- Boards & Commissions
- Tree Advisory Board
- Lakefront Park
The September Tree Advisory Board meeting was held at Lakefront Park (to the east of Kershaw Park) on Wednesday, September 16th to access the willow trees and plans for majestic replacement trees.
Unfortunately, the willow trees in Lakefront Park (also commonly referred to as Kershaw Park East) have become a danger to the public and are in poor health. Large limbs are falling at an alarming rate which could damage park benches and/or cause injury to the public. The City Arborist has inspected each tree and has recommended the removal of the majority of willow trees along the path. City crews will be removing the willow trees in October. The removal of the willow trees will change the character of the park, but also provides an opportunity to redefine the park with new plantings. To the left is a draft planting plan for the area. Once planted, there will be more trees than there are currently.
**Important to note: The aging willow trees were inherited by the City of Canandaigua in the late 90's. Heavy pruning was done but not enough to make up for the years of non-maintenance prior to that. Large limbs came down in storms until this year when large limbs began falling in calm weather. The DPW would have removed the trees early this past summer if not for wanting to make sure the community was aware of the need for their removal.
Thoughts From a Member of Your Tab
I was contacted online by another city resident and would like to share our conversation here with hopes that others might have a better understanding regarding the Lakefront Park. Our next meeting will be at Wood Library (third floor) at 6:30 pm on Wednesday, October 7, 2015. We also have an email account if you are unable to attend the meetings. - Laura
Question: Are you aware of the city plans to cut down all of the willows along the lake at Kershaw? Do you know an arborist or tree expert who could give is a second opinion?
Laura's Reply: I am aware of the need to remove 2 / 3 (19 of the 29) trees. The arborist and many city workers and elected officials have been watching the Lakefront Park area as more large limbs and complete trees have fallen these past years (most recently without the help of wind). The willows are 100 to 150 years old and like all living things they are at the end of their life. Because they are in a heavily populated area the increased risk of harm to humans or animals is more likely. I have seen photos of the trees and limbs that have fallen in the past year and realize that the weight alone could have killed someone. More people have died in 2015 by fallen trees than by lightning bolts. Falling tree deaths can be prevented. The Tree Advisory Board (with members from FLCC) supports the greater Lakefront Park area be replanted with a mix of majestic trees. Second and third expert opinions are certainly welcome. As professionals they would need to look at the whole picture and realize the increasing number of falling limbs and trees. They should also consider the liabilities that the city would face should a limb fall and kill or maim someone. A knowledgeable friend of mine recommends severe trimming/pruning (2 / 3 out of each tree) of willows as he has done on numerous occasions but even he admits the tree's youth needs to be factored in for severe pruning to be successful. To do nothing will bring a natural change to the area - but one also resulting in the great loss of trees. I know this may not be the answer you are looking for...but honestly the members of the TAB also wish we had magic wands to bring life and vitality to these and all trees.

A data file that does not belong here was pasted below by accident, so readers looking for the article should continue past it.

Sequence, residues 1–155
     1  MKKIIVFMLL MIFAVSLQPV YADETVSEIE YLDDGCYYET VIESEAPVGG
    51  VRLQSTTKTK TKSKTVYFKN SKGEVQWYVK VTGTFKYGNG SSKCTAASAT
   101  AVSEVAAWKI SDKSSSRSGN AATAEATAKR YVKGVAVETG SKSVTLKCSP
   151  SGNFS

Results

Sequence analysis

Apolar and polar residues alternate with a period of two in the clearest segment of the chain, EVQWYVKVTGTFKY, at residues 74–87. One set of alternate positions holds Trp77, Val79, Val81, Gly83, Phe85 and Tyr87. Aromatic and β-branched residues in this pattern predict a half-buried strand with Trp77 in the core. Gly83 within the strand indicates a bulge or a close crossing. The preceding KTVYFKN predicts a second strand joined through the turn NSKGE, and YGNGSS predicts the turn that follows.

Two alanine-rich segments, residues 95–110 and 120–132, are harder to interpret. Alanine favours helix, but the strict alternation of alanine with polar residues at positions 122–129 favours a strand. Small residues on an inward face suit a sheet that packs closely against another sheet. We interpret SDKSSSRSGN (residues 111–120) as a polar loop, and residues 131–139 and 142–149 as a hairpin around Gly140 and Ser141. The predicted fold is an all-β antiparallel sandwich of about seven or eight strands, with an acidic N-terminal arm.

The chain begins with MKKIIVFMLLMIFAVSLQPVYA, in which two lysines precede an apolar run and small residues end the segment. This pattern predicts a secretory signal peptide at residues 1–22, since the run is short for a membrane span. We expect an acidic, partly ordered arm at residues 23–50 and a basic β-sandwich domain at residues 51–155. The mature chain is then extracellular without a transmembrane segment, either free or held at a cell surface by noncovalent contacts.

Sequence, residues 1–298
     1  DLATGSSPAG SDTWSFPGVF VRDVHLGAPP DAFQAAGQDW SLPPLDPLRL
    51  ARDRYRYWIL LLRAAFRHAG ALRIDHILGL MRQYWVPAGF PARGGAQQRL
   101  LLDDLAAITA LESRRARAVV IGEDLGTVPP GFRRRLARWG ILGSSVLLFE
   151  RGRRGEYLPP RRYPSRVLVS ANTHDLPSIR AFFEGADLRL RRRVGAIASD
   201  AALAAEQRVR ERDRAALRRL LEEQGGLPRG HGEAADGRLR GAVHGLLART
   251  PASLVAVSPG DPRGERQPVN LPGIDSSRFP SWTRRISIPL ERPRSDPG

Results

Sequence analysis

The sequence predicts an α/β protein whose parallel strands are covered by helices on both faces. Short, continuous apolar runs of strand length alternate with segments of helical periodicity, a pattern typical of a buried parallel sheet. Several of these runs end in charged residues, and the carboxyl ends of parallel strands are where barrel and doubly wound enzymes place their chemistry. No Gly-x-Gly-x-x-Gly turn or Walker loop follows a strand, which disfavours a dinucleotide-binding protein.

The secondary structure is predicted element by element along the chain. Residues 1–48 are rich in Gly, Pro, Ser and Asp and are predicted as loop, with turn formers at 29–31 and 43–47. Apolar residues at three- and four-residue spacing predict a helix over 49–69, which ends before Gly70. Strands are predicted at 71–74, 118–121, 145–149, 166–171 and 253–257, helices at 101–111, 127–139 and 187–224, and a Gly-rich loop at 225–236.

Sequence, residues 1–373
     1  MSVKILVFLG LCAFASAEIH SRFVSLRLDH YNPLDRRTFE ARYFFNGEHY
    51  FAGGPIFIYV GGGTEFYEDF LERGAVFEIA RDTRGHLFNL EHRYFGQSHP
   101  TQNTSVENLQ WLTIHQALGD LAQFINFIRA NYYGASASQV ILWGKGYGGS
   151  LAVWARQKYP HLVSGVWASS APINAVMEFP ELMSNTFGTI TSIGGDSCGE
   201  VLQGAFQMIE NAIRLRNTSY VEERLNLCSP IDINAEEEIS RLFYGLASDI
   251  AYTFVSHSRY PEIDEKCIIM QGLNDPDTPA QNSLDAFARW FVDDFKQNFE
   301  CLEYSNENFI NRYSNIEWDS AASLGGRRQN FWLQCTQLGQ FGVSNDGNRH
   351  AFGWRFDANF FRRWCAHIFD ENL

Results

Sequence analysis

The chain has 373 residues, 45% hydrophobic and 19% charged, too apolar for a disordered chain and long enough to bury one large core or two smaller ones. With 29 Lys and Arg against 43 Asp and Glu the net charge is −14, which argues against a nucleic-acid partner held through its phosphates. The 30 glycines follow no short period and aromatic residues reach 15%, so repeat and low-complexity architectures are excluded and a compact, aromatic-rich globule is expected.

Question: Thank you! When is this scheduled for? Early or late October?
Laura's Reply: It may depend on what else occurs regarding the work load of DPW and Parks Departments since the trees will be taken down "in house" (much less expensive). For example, some DPW jobs got delayed when they had to remove fallen limbs and trees at the Lakeshore Park on several occasions earlier this year. I believe Lakeshore Park and the willow trees will be brought up at the City Council meeting this Thursday, October 1st at 7 pm in the City Hall court room. As you know, these meetings are open to the public. I know the city has waited this long to actually do something proactive since they did want public awareness and involvement. We also discussed an opportunity for folks to sponsor new majestic tree plantings - so perhaps more mature trees could be planted (larger tree plants cost more than younger saplings).